Eighteen of the top 26 conservative news networks have avoided reporting the legal filings that revealed Fox News hosts and executives doubted the conspiracy theory pushed by the right that Democrats stole the 2020 election, according to a New York Times report.
The NY Times examined the response of those networks to the private messages that were made public in Dominion Voting Systems’ $1.6 billion defamation lawsuit against Fox News. According to the NY Times findings, only four publications – Gateway Pundit, Newsmax, the Washington Examiner and the Western Journal – mentioned the suit in some way. However, none of them worked the Fox employees’ private comments into their coverage.
Any mention by the other 18 outlets came from wire stories, such as those written by the Associated Press. Those companies include all of Fox’s brands (Fox News, Fox Business Channel, Fox News Sunday), OAN, The Daily Wire and InfoWars.
Dominion’s lawsuit including texts, emails and other communications exchanged by prominent convervative media figures such as Tucker Carlson, Sean Hannity and Fox owner Rupert Murdoch. Some of those texts included were Fox News stars dissing Donald Trump’s lawyer, Sidney Powell:
“Sidney Powell is lying,” Tucker Carlson texted to his producer Alex Pfeiffer on Nov. 16, less than two weeks after the election. “Sidney Powell is a bit nuts. Sorry but she is,” Laura Ingraham texted to Carlson and Hannity the day before. “That whole narrative that Sidney was pushing,” Hannity texted later that month, “I did not believe it for one second.”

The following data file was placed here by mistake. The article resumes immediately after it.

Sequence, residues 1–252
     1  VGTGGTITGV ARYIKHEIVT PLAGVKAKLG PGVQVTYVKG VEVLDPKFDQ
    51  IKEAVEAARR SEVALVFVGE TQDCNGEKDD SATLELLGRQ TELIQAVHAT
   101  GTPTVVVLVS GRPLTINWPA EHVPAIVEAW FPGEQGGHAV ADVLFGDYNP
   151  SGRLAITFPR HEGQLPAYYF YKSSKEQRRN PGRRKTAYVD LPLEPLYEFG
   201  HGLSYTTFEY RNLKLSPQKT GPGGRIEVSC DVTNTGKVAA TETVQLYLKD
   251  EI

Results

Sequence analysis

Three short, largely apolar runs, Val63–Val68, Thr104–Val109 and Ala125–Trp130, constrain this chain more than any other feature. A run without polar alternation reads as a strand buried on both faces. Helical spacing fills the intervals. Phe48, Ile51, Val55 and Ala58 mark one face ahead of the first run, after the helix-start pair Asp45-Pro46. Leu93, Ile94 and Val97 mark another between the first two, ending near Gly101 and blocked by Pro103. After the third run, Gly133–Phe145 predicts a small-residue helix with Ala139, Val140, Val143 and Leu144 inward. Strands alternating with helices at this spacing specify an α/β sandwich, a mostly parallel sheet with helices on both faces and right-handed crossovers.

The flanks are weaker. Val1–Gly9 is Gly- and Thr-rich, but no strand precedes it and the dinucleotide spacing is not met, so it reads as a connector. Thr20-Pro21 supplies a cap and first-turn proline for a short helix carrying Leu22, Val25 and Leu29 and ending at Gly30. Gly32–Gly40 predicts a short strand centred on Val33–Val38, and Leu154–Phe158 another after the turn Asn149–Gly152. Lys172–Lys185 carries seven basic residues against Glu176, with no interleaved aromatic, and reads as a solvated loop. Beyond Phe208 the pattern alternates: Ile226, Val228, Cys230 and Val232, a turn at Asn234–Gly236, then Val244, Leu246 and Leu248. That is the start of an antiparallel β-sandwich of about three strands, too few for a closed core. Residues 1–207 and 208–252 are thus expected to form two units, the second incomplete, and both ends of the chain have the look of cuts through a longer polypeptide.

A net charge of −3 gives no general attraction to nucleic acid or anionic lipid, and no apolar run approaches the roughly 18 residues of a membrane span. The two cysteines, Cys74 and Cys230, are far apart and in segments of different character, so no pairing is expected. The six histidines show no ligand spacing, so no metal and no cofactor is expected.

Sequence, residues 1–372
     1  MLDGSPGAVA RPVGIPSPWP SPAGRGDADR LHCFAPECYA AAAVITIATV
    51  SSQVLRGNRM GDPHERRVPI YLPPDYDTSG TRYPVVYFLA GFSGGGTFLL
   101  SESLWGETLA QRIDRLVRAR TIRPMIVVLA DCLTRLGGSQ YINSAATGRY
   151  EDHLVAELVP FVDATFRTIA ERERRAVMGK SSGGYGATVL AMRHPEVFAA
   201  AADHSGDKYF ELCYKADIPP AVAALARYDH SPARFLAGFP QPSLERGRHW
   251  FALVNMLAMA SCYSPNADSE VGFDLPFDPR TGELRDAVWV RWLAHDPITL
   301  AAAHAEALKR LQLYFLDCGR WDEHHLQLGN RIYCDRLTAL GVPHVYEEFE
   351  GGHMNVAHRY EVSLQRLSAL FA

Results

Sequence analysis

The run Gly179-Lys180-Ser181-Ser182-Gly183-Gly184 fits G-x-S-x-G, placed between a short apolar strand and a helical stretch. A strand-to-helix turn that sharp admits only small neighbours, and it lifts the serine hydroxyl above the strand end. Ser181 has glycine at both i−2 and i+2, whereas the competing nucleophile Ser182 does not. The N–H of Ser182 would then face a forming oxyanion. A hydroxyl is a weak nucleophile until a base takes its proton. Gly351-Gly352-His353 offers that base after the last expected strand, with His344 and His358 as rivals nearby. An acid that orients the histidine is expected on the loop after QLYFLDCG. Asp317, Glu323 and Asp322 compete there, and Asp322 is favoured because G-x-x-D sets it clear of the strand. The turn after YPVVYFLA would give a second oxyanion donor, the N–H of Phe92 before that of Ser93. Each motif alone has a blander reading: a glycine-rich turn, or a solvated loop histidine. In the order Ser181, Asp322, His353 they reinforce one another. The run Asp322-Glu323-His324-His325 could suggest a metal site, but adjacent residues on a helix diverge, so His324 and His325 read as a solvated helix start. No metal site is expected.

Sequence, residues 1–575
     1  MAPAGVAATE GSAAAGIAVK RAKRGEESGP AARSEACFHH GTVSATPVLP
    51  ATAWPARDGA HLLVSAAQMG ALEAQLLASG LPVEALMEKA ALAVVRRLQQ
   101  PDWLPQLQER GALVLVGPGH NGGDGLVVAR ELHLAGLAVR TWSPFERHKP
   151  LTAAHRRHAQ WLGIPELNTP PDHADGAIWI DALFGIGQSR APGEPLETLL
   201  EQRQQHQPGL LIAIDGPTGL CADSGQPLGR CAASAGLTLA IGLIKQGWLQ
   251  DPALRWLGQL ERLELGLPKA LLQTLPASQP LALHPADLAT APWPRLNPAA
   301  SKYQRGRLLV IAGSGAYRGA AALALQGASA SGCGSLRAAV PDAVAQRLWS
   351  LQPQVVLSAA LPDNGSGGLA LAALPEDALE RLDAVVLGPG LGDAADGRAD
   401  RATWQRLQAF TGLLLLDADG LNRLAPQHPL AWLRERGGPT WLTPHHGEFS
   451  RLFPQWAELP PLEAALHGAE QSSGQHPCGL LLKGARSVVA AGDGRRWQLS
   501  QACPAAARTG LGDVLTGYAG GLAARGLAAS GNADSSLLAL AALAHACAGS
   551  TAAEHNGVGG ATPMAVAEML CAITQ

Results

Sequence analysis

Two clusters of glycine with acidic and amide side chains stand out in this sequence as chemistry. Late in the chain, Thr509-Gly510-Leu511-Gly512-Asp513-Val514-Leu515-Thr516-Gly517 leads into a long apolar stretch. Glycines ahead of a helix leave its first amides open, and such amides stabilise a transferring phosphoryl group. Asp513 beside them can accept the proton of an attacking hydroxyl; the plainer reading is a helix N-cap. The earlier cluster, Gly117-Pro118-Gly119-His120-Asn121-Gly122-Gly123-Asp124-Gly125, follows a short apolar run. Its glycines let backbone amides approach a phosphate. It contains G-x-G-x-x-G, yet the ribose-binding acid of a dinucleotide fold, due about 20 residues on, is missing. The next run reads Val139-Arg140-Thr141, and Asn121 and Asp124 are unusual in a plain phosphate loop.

On Feb. 27, Murdoch testified that the stolen-election narrative relentlessly endorsed by Fox News hosts was a lie.
“I would have liked us to be stronger in denouncing it in hindsight,” he said in the filing.
As a result, many who were feed conspiracy theories by those networks were never made aware that Fox News personalities never believed for a minute what they were saying on-air.
Murdoch’s deposition is a major win for Dominion, who is suing the news corporation for knowingly airing false statements that their voting machines played a part in voting fraud that took place during the 2020 election. The company is demanding a jury trial, set to take place in Delaware in April.
You can read the entire report here.